Starting with the Cloudster.
Donald W. Douglas started the Douglas Aircraft Company in 1921 by building the Cloudster. He used c/n 100 to pretend he was an experienced aircraft builder. Three years later he was firmly established as being one when his World Cruiser flew around the world. Pre-war Douglas built a large number of aircraft for the US military.
On May 11, 1934 the DC-2 made it's first flight and entered service a week later. It was followed by the larger DC-3 which made it's first flight on December 17, 1935. There were 607 civil versions built and 10,048 military C-47's and C-53's. When including the Russian Li-2 and Japanese L2D, the grand total is over 16,000.
The DC-series continued with the DC-4E which flew first on June 7, 1938 but that was no success. Douglas developed a new version, also as DC-4, but production output was taken over by the US War Department as C-54 which made it's first flight on February 14, 1942.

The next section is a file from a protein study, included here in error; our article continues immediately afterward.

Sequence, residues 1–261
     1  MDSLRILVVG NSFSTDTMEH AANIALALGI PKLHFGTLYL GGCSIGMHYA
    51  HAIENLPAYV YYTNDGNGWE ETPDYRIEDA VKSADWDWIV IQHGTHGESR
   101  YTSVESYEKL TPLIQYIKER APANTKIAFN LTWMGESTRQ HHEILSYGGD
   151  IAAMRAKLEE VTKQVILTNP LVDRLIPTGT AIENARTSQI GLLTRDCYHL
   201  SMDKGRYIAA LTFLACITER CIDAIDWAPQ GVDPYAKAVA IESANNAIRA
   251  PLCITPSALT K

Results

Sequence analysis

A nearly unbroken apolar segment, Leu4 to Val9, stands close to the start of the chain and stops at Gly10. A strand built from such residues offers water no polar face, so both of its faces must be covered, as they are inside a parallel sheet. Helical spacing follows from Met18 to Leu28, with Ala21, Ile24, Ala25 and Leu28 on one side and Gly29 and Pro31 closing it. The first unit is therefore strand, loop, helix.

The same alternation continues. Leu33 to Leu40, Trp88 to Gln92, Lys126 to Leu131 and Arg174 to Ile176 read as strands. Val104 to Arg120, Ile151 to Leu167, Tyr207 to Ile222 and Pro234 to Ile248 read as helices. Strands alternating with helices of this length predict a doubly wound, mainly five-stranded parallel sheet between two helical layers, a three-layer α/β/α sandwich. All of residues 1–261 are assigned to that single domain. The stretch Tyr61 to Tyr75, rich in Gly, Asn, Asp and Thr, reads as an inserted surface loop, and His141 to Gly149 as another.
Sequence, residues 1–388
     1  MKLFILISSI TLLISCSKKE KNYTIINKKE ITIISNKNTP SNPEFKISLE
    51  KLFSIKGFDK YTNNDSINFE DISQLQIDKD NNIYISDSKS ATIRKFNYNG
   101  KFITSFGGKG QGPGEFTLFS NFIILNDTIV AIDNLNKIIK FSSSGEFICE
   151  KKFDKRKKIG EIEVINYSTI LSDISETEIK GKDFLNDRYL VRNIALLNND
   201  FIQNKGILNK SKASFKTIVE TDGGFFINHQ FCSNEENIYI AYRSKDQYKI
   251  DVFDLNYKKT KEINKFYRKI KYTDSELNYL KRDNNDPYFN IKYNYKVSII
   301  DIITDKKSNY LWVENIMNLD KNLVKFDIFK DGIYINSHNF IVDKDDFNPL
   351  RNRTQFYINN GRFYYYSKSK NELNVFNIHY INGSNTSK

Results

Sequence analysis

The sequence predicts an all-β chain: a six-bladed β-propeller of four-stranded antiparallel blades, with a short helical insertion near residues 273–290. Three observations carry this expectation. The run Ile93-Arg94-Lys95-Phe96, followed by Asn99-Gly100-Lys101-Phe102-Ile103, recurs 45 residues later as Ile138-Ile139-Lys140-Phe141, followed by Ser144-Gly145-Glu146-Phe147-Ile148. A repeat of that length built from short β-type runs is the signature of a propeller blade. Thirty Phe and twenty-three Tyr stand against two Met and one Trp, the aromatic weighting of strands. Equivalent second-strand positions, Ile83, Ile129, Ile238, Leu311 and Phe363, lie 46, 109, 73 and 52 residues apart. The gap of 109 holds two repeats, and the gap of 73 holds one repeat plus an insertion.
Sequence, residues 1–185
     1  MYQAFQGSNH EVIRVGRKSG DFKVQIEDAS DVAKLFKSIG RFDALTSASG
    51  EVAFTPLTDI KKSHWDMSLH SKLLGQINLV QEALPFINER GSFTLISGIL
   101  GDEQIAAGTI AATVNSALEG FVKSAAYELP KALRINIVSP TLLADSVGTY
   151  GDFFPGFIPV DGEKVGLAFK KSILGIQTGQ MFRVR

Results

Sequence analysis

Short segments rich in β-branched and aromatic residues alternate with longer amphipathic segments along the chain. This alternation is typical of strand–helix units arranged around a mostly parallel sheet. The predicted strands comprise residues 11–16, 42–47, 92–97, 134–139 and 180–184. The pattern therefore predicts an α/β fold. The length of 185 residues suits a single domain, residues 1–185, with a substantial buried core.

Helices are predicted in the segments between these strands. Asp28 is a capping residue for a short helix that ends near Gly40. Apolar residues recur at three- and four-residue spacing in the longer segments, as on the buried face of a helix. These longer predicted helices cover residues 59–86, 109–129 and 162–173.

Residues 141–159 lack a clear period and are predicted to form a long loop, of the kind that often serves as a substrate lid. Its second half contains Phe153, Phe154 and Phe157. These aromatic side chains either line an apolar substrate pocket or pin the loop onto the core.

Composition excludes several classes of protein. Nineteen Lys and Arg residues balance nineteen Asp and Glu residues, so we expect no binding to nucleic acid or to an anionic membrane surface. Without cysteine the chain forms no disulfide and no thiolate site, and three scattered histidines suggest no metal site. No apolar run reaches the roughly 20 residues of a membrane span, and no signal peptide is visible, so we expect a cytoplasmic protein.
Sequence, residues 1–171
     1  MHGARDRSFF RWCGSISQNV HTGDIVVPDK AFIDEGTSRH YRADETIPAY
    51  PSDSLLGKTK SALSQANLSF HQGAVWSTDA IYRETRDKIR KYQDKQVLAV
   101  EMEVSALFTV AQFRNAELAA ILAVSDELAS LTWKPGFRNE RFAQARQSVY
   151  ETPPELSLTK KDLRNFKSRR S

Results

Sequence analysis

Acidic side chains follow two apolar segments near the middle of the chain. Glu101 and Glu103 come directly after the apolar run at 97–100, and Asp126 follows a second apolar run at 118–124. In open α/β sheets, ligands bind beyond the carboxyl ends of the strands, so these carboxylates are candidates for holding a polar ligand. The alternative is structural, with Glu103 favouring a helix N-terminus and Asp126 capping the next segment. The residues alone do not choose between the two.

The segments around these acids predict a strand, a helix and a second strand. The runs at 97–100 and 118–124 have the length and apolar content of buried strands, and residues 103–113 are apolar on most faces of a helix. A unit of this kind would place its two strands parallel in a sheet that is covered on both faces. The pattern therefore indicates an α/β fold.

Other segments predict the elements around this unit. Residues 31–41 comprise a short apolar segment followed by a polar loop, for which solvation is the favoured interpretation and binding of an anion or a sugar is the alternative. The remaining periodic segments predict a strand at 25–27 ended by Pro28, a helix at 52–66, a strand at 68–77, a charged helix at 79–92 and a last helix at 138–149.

In between the El Segundo Division produced it's only civil airliner, the unsuccessfull DC-5 which made it's first flight February 20, 1939. Only 12 were built.
After the war the DC-series continued with the pressurized DC-6 (first flight February 15, 1946) and the DC-7 (May 18, 1953).
After Boeing announced the 707 Douglas followed soon with the DC-8 which took off on it's maiden flight, only five months later than the 707, on May 30, 1958. The smaller twin-engined DC-9 did it's first flight on February 1965.
Struggling with production rates and financial trouble developing their first wide-body Douglas was forced to merge with McDonnell Aircraft Corporation in 1967. Eventually the DC-10 made it's first flight on August 29, 1970 and went into service August 5 the next year. The DC-9 was further developed into the MD-80 and -90 series and the DC-10 into the MD-11. The prototype of the MD-95-30 was rebranded as the Boeing 717 after McDonnell Douglas was taken over by Boeing on August 1, 1997.